12. Other notable new entrants include Spotify’s Daniel Ek and Martin Lorentzon; Juul Labs' James Monsees and Adam Bowen, Kind Bar’s Daniel Lubetzky and cosmetics wunderkind Kylie Jenner, who is the world’s youngest billionaire at age 21.
  13. 7 of the top 20 billionaires have come from technology  - Microsoft, Google, Oracle, Snapchat, Stripe, Tencent 
  14. in 2004 there were 497  billionaires and in 2019 there were 2153 billionaires  

Thursday, February 28, 2019

Early-Stage VC Firm Sorenson Ventures Closes Inaugural Fund at $110M

Early-Stage VC Firm Sorenson Ventures Closes Inaugural Fund at $110M

Sorenson Ventures, an offshoot of Utah private equity firm Sorenson Capital, announced today it has closed its first fund with more than $110 million to invest in early-stage security and enterprise software companies.

The young venture capital firm was formed in 2017 by Sorenson Capital, which recruited former Intel Capital executive Ken Elefant as managing director. Elefant shares leadership of the VC spinout with Sorenson Capital’s managing director Rob Rueckert. The pairing was a reunion for Elefant and Rueckert, both former Kauffman Fellows who were also colleagues at Intel Capital.

Menlo Park, CA-based Sorenson Ventures draws on the expertise of Sorenson Capital while strengthening the larger firm’s ties to early-stage entrepreneurs in Silicon Valley. The Salt Lake City-based private equity firm, founded in 2002, focuses on the other end of the investment spectrum—growth equity and buyouts. It has more than $1 billion under management.

Sorenson Ventures raised its inaugural fund from investors that included an insurance company, foundations, endowments, corporate investors, family offices, and individuals, including managing directors at Sorenson Capital. Since 2017, when the VC firm raised its first funding, it has backed eight early-stage companies, ranging from cybersecurity startup CyCognito to machine-learning business Paperspace.

The firm now plans to expand its stable of startups to include as many as 20 companies. It has led most of the investments in its portfolio companies, and has also joined in syndicated fundraising rounds with established VC firms including Lightspeed Venture Partners, Battery Ventures, and Accel.

“We are product-first investors and are attracted to entrepreneurs who use their engineering vision to change markets, which you will see evidence of in our first eight investments,” Elefant (pictured) said in the announcement of the fund’s closing.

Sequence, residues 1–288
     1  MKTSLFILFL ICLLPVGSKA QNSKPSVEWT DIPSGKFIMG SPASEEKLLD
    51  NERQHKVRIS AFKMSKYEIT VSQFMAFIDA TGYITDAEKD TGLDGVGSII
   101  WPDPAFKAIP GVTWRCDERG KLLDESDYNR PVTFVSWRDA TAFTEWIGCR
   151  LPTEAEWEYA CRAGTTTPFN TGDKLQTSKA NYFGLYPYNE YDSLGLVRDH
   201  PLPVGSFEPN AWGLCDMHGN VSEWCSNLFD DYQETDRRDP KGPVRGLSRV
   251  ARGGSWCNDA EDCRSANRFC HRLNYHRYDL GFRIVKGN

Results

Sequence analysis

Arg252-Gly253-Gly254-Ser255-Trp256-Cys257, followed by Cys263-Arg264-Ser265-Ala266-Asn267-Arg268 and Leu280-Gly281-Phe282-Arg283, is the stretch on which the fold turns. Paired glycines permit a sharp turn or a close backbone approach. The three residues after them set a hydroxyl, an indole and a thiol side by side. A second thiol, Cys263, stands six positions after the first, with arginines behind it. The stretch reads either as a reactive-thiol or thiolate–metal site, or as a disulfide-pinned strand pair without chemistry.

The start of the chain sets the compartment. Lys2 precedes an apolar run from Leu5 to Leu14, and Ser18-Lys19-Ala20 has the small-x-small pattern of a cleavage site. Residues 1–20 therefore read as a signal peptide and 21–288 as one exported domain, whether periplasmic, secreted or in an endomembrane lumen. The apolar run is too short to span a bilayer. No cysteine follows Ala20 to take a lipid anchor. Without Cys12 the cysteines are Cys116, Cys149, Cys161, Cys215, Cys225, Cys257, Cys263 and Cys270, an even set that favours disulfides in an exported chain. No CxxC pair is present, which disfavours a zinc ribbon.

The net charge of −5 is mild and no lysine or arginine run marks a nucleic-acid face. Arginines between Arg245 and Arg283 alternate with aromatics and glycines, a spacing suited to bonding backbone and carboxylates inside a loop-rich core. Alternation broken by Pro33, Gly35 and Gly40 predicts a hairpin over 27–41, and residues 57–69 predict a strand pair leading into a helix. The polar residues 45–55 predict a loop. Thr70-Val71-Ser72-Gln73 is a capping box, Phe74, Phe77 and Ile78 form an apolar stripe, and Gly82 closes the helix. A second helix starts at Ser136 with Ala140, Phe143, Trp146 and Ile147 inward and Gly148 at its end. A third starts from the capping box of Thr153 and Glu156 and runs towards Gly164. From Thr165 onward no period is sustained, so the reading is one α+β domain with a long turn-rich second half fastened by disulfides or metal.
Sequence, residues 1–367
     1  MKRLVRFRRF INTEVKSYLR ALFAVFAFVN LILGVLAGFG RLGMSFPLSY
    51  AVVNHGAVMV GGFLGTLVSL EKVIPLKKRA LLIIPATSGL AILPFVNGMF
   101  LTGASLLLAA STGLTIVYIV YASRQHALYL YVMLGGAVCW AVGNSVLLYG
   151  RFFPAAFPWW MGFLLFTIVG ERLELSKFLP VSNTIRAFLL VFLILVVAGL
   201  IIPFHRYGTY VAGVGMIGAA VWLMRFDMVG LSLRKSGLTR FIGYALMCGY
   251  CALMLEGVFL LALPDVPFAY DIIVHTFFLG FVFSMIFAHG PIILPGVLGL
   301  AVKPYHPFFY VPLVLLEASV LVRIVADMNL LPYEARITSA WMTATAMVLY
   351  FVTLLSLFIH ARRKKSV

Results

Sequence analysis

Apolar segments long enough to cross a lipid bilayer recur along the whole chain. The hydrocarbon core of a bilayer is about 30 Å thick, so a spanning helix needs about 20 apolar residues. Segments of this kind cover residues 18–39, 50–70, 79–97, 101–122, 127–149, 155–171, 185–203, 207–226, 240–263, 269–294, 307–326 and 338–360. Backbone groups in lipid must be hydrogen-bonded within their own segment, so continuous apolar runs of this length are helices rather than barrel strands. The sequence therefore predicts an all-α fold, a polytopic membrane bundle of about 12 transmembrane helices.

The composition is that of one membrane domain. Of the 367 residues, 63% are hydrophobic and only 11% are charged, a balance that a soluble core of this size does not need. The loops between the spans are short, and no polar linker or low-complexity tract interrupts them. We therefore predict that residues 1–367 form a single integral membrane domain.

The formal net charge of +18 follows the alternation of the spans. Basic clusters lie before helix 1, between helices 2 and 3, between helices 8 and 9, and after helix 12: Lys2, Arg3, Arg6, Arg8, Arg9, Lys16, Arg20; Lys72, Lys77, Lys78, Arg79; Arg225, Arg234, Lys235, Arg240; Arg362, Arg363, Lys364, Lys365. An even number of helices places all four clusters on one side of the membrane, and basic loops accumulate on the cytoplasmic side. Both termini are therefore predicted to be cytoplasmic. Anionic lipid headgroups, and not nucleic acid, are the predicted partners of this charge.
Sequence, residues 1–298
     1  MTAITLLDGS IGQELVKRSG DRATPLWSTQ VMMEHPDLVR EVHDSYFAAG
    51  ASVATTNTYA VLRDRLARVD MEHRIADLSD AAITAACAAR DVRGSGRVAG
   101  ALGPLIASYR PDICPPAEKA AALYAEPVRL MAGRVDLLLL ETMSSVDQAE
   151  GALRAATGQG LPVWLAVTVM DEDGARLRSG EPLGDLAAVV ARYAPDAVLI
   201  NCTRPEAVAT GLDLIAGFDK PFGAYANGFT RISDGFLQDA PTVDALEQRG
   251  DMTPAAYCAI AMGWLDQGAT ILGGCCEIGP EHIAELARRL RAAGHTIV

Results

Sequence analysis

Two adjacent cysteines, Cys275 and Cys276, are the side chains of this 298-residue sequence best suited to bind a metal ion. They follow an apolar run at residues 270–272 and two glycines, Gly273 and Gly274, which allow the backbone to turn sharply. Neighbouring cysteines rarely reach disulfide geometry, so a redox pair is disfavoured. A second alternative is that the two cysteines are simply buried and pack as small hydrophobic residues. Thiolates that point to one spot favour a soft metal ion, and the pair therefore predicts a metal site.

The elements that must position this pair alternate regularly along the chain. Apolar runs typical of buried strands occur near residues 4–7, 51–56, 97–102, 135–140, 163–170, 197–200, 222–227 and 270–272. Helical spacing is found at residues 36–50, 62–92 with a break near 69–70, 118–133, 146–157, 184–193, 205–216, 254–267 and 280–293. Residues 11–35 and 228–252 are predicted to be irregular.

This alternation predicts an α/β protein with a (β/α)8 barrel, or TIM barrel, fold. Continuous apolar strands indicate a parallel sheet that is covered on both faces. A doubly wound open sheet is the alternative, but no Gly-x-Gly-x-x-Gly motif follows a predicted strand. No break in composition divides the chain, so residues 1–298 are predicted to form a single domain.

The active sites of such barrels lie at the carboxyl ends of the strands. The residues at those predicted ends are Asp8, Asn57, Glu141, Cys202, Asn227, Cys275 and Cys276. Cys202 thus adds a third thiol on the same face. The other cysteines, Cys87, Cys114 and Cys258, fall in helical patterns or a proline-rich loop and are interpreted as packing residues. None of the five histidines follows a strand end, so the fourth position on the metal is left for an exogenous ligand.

Palo Alto, CA-based CyCognito is the best illustration of those traits, Rueckert wrote in an e-mail to Xconomy.

“CyCognito uses a combination of deep domain expertise and engineering talent to enable cyber teams to understand and prioritize their blind spots,” Rueckert says. “This is a very complex problem that is being solved by technologies that haven’t been available in prior generations of solutions.”

Photo of Ken Elefant courtesy of Sorenson Ventures

Tuesday, February 26, 2019

Rapyd raises $40m from Stripe, a fellow portfolio company of Entree Capital

Rapyd, a fintech founded by CEO Arik Shtilman 4 years ago has raised $40 million in series B funding from Stripe and General Catalyst and others , to further expand its operations worldwide.

What Rapyd does

Rapyd helps companies and merchants of all sizes integrate a range of payment services into their platforms, and operates on a fintech-as-a-service model. It offers a technology stack that provides support for financial, payment, mobile wallet, and money movement services through a single API.

The Rapyd solution provides  a single point of reconciliation and settlement of all funds across 65 currencies and the ability to pay out in over 170 countries. 

Using Rapyd’s technology, a company can enable support for payments in over 100 countries, via more than 500 locally supported payment methods — such as direct deposits to banks, local cards, and mobile wallets —

What the money will be used for 

The Capital is going to be used to expand to more markets across the Americas and Europe, Middle East, Africa (EMEA) and Asia-Pacific (APAC) regions and to further develop its infrastructure.

The money  

Stripe CEO Patrick Collison sees a big demand for Rapyd’s services. “The challenge of enabling local payments on a global scale is critical for the continued growth in worldwide commerce. We are excited by Rapyd’s vision and believe they are solving a significant challenge that will help to increase the GDP of the internet,” 

Both Stripe and Rapyd are portfolio companies of Entrée Capital 

Founded in 2009, Entrée manages more than $300 million across a number of funds and its portfolio includes  the likes of SnapChat, Stripe, Deliveroo, Prospa,, Riskified, HouseParty, Stash, PillPack, SeatGeek, Coupang and over 50 other investments. 

Managing partner of the fund Avi Eyal picked fintech as a growth industry in 2015! Was definitely the right call!